3) I spent three hours in appointments today about my stupid knee cancer. I had a physical, talked to some other lady, went to the hospital and was... pre admitted or something. (Plus they gave me this paper so I can sign up to have someone in charge of making decisions for me if I'm unable. It also has checkboxes for things like... ______ person can request an autopsy be done! [!!]) After that I went to the dermatologist and had my stitches out, confirmed that I had an allergic reaction to Neosporin, scheduled a biopsy on this other mole on my back, and got an oncologist referral.

Then I was off to the medical secretary, where I got a copy of my pathology report. As the nice lady pointed out, my report mentions that my case was shared at the Department Consensus Conference. I'm famous? I understand most of the report, but will forward it on to a family member who is a doctor. The strangest thing about my pathology report is the words "Malignant Melanoma" and the description of the mole... "pale tan." Look here for a little melanoma checklist. Asymmetry? Nope- looked like the "ordinary mole" photo. Borders? Regular, unlike the melanoma picture. Color, Diameter... my mole is like the normal example! The only off thing was that it grew quickly. ("Evolution.") Get it? ABCDE. Mine didn't look like a melanoma at all. My severe pre-melanoma when I was 14 looked more like a melanoma than this one did, which I really don't get.

Okay, no more looking at medical pages for me. This one is scary. 95% five year survival, even if I have the best case scenario at this point, which is Stage 1A. (I'm beyond the 100% curable "In-situ") Uck. 1 in 20 chance of being dead by 31? No thank you. Which brings me to...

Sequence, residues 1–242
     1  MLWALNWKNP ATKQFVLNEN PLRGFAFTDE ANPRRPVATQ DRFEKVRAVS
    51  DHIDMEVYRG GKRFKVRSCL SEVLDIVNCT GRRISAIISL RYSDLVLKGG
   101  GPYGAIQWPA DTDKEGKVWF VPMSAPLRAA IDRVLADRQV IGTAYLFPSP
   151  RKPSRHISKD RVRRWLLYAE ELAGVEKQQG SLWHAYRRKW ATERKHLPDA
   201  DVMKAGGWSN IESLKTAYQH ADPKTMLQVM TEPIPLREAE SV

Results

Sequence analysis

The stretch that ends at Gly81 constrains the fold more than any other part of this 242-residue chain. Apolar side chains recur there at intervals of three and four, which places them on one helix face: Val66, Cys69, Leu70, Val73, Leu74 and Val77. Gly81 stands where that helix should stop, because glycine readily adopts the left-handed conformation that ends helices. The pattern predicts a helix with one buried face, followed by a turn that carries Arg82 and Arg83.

4) I have an appointment with the oncologist at the beginning of May. After that they'll arrange blood tests for cancer and probably some body scans. (MRI, CAT.. stuff like that.) I think these are to make sure I don't have stage 3 or 4 melanoma somewhere else in my body from another melanoma lurking.... somewhere. No one has actually said this to me, but that is what I think the real reason is. Again, uck. Trying not to think about this. It makes me feel barfy. These tests will also give us final staging information, along with the pathology reports on the additional tissue they remove in the surgery. I don't think there will be a final say on the stage until June. I still expect it to come back as Stage 1, but then again I expected the mole to be pre-cancerous at worst.

5) I'm knitting myself crazy stripy knee socks. I think they may be slightly symbolic although I didn't do that on purpose. You can see the first one in the sidebar. I now have about 6" of the second one done and hope to finish the pair before my surgery on April 15th. This might not be possible, but I'll try!

I almost forgot to mention this, but I asked the nurse who was doing my pre-op physical whether she was a knitter, as she was wearing hand-knit socks. She was, so I pulled my completed knee high out of the bag I had with me. The nurse was so excited about them she went out of the exam room with the sock, showing all her coworkers. My surgery scheduler is a knitter too- she had yarn and projects falling out of her purse in the office we were in.